Moscow 1812 (2012)
42″ x 42″
music score from Tchaikovsky’s 1812 overture and quote from “War and Peace”
“Almost in the center of this sky, above the Prichistensky boulevard, surrounded and convoyed on every side by stars but distinguished from them all by its nearness to the earth, its white light and it’s long uplifted tail, shone the huge brilliant comet of the year 1812 – the comet which was said to portend all manner of horrors and the end of the world” interior narrative of Pierre in Tolstoy’s “War and Peace” It is easy to imagine the fatalistic and superstitious thoughts in the minds of the Moscow populace as the French army drew close and the events of 1812 unfolded. Events which were to provide an experience to match the fatalistic fears.
The sculpture of Moscow is based upon the 1812 map depicting the damage caused by the burning of Moscow. The work incorporates that latter half of the aforementioned quote, this quote is carved into the form of the Moskva river and the line of the medieval walls that enclosed the interior of Moscow at the time. The work is constructed from segments of Tchaikovsky’s famous 1812 overture. The overture was written in 1880 to commemorate the defense of the Russian motherland and can be interpreted as a fairly literal depiction of the campaign.
Moscow had twice been burnt before, the fire of 1547 under Ivan the Terrible and the fire of 1626 under the reign of Mikhail 1 Romanoff. In both cases a tempest of extraordinary strength had arisen and multiplied the disaster. On the morning of September 16 1812 a hurricane was blowing over Moscow, many believed a curse was hanging over the city especially in conjunction with the sense of foreboding imparted by the great Comet.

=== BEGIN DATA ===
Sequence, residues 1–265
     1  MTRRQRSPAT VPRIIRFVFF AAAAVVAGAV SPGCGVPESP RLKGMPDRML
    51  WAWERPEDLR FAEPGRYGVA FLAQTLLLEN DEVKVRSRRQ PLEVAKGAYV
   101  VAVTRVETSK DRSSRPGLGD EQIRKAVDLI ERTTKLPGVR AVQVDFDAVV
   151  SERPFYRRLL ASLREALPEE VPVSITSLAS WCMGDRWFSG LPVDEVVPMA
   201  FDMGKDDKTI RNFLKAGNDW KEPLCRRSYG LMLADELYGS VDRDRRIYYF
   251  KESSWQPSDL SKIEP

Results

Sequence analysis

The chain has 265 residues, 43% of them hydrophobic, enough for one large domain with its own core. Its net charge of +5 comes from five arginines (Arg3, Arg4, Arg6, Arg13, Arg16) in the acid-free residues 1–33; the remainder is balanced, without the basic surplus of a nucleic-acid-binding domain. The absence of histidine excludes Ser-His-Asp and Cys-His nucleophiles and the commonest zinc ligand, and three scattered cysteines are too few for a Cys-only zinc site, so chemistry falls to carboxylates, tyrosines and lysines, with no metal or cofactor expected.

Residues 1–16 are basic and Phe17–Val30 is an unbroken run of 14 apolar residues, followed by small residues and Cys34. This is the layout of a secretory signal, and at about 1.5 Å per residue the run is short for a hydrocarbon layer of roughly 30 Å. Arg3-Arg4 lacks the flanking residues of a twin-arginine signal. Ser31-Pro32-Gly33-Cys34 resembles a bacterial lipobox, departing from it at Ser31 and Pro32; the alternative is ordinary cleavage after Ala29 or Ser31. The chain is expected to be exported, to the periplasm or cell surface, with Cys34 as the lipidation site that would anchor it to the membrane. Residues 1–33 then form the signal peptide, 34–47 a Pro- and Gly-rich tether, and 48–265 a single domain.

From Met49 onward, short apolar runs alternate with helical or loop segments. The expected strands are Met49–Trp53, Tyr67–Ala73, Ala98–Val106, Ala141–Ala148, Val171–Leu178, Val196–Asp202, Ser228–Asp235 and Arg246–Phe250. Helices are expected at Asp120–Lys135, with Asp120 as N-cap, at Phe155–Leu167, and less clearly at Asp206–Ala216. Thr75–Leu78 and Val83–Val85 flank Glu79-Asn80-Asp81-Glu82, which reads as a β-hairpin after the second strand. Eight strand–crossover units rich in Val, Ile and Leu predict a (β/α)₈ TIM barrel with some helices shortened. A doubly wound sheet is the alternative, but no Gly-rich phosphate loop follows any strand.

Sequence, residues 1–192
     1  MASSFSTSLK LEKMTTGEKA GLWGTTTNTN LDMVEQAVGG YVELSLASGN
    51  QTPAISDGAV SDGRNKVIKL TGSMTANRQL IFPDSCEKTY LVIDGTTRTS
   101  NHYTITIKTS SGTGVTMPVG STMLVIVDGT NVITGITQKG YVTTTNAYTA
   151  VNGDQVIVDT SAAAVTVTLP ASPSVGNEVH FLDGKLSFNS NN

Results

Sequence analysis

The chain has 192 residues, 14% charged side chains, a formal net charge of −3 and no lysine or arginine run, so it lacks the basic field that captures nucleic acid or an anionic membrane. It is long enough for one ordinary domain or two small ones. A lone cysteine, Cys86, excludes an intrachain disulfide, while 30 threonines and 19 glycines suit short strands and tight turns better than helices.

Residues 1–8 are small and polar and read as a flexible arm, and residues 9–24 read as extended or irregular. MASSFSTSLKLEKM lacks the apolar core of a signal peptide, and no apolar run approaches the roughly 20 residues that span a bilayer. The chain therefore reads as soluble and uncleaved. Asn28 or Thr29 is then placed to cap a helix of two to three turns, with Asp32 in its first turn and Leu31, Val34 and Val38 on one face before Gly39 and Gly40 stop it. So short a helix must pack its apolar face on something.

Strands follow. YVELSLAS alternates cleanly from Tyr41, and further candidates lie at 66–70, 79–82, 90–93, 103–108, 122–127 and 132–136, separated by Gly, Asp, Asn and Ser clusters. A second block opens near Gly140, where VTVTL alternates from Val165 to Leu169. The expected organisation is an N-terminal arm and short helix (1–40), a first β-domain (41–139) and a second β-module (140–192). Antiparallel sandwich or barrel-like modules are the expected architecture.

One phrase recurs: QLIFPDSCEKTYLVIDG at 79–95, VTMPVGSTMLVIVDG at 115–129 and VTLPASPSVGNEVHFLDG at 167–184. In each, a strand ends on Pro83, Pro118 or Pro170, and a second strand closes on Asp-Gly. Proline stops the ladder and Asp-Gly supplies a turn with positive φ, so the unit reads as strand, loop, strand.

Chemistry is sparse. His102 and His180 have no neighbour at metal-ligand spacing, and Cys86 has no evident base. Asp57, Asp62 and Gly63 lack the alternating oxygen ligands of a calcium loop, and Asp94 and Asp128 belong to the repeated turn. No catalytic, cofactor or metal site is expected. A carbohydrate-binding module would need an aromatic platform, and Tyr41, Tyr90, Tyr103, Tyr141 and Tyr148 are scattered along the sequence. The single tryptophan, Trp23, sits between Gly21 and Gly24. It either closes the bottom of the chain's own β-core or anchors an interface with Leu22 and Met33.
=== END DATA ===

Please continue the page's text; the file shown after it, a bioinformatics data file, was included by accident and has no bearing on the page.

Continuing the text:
The fire itself attained such a monstrous size as to seem almost supernatural. Montesquieu “It was pitch dark and the sight was terrifying and grandiose, almost sublime, so closely did it resemble the Apocalypse…one saw volcanoes whose immeasurable eruptions had no limits but the skies”. The heat was so intense that molten copper and lead ran in the streets. Napolean commented “The entire city looked like one vast whirlwind of fire that rose in a swirling spiral to the sky and coloured it brilliantly” later he is said to have uttered the words “This betokens great misfortunes for us” prophetic words indeed.. for most of his army were to perish in one of the coldest winters on record.